The newspaper on my coffee table is black and white and covered in half-baked accounts of regional conflict, reports on actors implicated in a drug bust and athletes breaking Olympic records, pictures of missing people. The radio station I listen to on the drive to school is dotted with information about traffic congestion and asks callers how their day is going. Mirrors, too, tell the stories of others. Standing outside a room of mirrors, I hope to catch them whispering. My anticipation is doused in silence.
Masterpieces when in motion, mirrors are attuned to change. Without hesitation or judgement, they respond adeptly to the transient urges of whoever encounters them. I ache to steal some of their mimicking power, to mimic them in this way.
Google defines the verb ‘reflect’ as the action of ‘throwing something back without absorbing it,’ and as ‘thinking deeply or carefully about something.’ Confining mirrors to the former interpretation, we fail to recognize the magnitude of their understanding. We overlook the fact that they embody both surface and depth. We fall short of capturing the essence of a relationship between original and copy that transcends the physical. When a friend’s girlfriend breaks up with him, the first thing—the only thing—he smashes is a mirror, in furious rejection of its earnest request to peer beyond his collected façade.
Though they constitute frames slimmer than those of the newest MacBook, mirrors keep hold of considerably more information. Intricately imbued with every fragment of knowledge there is to collect about yourself, they are tasked with imparting this insight in small doses. Making the process feel inadvertent, they falsely hand you ownership over each new realization and adorn you in empowerment’s guise.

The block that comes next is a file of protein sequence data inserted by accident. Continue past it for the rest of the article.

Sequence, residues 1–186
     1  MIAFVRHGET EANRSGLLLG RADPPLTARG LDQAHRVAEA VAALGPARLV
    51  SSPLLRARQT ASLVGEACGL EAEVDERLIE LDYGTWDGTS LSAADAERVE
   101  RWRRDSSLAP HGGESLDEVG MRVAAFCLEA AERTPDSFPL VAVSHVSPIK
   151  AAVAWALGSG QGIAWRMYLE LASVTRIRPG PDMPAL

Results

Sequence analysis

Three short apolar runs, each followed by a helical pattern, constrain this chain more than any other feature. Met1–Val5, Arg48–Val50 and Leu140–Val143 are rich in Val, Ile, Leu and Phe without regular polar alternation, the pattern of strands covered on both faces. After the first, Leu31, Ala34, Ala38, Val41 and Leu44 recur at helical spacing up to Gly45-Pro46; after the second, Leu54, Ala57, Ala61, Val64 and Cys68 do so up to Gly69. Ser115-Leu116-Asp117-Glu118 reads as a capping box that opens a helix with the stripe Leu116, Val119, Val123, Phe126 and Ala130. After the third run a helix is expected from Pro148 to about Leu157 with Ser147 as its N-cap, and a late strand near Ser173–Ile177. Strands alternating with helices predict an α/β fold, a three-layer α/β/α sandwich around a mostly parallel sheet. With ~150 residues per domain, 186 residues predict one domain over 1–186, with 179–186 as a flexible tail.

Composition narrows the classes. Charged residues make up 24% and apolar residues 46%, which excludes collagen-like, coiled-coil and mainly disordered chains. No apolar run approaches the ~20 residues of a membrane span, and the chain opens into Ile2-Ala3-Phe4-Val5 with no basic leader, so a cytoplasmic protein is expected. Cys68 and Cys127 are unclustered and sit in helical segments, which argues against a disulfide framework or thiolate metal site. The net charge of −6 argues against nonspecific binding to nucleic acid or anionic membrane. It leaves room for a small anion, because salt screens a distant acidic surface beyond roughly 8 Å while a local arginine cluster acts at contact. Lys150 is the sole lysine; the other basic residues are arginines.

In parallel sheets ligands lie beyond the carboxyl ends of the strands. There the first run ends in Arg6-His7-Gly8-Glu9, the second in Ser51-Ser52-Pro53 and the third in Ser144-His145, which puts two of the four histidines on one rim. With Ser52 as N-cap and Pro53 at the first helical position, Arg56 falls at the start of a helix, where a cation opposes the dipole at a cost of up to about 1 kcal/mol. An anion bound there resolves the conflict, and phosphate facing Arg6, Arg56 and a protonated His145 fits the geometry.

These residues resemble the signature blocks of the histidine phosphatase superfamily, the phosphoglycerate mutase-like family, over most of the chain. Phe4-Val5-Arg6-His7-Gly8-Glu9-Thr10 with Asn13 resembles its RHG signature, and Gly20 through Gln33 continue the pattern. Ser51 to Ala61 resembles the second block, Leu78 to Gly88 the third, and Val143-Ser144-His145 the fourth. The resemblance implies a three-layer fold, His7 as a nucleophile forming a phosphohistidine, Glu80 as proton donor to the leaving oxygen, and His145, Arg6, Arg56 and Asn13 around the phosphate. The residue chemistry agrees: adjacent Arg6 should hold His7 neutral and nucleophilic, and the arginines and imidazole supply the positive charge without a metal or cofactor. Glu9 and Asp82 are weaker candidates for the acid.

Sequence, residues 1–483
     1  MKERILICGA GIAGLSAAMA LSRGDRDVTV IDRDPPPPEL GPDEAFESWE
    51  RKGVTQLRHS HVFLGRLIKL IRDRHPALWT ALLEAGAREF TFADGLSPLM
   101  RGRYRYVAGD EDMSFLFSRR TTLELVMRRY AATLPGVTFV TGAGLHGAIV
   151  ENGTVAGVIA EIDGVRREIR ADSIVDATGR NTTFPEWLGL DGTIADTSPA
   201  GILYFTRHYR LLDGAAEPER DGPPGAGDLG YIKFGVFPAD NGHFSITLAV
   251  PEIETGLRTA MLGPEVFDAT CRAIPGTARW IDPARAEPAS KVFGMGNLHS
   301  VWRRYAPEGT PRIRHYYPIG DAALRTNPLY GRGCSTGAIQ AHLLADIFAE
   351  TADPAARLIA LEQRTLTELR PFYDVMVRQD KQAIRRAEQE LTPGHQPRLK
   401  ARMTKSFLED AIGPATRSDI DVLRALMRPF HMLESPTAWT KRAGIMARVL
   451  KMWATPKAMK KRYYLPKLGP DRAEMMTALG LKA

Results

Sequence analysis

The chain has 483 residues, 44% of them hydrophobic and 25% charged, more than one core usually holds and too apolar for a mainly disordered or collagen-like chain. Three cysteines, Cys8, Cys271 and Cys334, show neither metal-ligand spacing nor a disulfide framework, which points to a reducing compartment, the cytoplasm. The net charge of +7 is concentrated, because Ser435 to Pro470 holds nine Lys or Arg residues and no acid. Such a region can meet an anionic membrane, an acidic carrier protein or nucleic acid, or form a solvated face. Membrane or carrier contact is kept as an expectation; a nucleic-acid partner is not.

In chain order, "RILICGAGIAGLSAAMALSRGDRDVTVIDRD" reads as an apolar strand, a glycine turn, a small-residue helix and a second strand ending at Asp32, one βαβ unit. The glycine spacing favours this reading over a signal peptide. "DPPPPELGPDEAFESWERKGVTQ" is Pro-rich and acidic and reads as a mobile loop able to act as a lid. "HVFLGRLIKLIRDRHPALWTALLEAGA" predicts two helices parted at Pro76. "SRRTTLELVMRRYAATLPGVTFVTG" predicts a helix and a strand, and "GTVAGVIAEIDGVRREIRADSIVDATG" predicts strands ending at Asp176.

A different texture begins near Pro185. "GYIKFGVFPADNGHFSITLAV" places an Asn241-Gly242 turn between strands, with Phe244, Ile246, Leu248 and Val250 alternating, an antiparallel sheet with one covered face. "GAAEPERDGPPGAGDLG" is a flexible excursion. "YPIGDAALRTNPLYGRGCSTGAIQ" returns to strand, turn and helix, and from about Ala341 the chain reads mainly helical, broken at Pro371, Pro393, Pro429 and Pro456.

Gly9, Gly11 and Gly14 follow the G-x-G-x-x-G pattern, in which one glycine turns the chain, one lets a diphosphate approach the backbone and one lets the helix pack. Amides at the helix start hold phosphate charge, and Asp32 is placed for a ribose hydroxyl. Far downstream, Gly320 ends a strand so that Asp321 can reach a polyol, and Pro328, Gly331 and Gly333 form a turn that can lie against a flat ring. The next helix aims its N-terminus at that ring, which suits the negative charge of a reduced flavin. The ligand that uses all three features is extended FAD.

At sixteen I contemplate the frightening possibility that any one of the mirrors I’ve looked into may have actually been two-way glass. I’m taught how to determine whether mirrors are, in fact, mirrors or tinted windows instead, by placing my fingernail against the reflective surface in question and checking for a gap between my nail and its reflection. Still, this test is subject to the mirror’s size, the angle at which it’s hanging, and the lighting in the room. Certainties desert me. A fundamental assumption is reduced to something fuzzy, uncertain, precarious. How can mirrors, designed to reveal truths, obscure them? How can they abandon the very function they claim to serve?
Epitomizing unpredictability, mirrors may adopt unanticipated forms, shapeshifting with ease so ontological that it renders them unrecognizable. My mother and I argue day and night. When I’m far from home and the homesickness that invades my stomach rises, it doesn’t just spill out of my eyes, but hers too. I’m increasingly told we look alike; we are alike, perhaps more than I realize. The sea’s wrinkled face reflects the expanse above it, exhibiting in its reflective motion the beauty of the shapeshifting clouds. The sky finds a self in each droplet’s meticulous imitation of its surface. A disquieting feeling, but an intimate one.
I stare at my reflection in an austere, tall mirror with no frame. The woman across from me returns my gaze with a palpable intensity. She opens her mouth, yet words don’t materialize. She refuses to act of her own volition, assuming shelter in the shadow of my movements. When I brush my knuckles against hers, the warmth of my hand pours gently into the smooth, frictionless surface, making distinction fade and ambiguity’s residue reveal itself. I become unconcerned with recalling who’s who. I begin to drift between two bodies, two identities. I start to wonder whether our separation is an exercise in futility—whether, in delineating ourselves as two separate entities, we are living our life through folded eyes.